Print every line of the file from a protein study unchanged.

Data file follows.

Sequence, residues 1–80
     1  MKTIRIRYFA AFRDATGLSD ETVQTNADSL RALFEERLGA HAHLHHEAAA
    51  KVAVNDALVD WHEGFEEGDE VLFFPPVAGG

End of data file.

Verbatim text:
Sequence, residues 1–80
     1  MKTIRIRYFA AFRDATGLSD ETVQTNADSL RALFEERLGA HAHLHHEAAA
    51  KVAVNDALVD WHEGFEEGDE VLFFPPVAGG